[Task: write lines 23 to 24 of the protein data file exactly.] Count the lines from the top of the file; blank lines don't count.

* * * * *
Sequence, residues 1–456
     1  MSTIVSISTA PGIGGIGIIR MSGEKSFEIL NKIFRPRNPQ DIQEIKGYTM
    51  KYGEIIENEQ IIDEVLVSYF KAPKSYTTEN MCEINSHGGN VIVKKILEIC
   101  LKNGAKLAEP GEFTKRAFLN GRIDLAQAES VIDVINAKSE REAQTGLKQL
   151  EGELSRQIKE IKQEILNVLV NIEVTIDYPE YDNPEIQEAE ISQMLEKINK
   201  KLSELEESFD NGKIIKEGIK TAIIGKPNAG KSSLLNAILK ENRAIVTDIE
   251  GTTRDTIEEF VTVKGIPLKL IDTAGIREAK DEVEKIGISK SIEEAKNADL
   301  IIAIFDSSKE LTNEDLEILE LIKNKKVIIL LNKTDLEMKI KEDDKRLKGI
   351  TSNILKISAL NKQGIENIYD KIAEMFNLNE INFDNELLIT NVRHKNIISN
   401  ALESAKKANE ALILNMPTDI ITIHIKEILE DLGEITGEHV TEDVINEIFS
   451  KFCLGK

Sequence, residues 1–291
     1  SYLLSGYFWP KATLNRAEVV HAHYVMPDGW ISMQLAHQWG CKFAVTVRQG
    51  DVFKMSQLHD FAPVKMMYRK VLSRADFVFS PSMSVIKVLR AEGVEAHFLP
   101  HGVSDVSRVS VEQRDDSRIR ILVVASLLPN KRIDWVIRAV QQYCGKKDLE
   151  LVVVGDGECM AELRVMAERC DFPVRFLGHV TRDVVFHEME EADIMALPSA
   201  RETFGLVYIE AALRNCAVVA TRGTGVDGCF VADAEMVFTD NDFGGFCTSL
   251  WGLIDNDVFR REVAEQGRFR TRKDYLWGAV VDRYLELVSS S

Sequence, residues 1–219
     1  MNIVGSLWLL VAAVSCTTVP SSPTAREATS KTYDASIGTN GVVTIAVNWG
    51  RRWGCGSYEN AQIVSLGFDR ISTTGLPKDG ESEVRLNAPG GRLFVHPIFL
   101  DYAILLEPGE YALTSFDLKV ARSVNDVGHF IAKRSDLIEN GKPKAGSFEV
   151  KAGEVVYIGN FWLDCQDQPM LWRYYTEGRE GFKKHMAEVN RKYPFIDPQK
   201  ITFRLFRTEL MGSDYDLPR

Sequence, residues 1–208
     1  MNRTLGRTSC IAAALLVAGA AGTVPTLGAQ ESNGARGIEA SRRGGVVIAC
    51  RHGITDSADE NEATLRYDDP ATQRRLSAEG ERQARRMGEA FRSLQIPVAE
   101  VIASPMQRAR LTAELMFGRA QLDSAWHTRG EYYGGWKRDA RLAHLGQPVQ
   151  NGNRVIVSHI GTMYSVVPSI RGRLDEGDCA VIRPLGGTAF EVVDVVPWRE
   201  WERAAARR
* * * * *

   151  KAGEVVYIGN FWLDCQDQPM LWRYYTEGRE GFKKHMAEVN RKYPFIDPQK
   201  ITFRLFRTEL MGSDYDLPR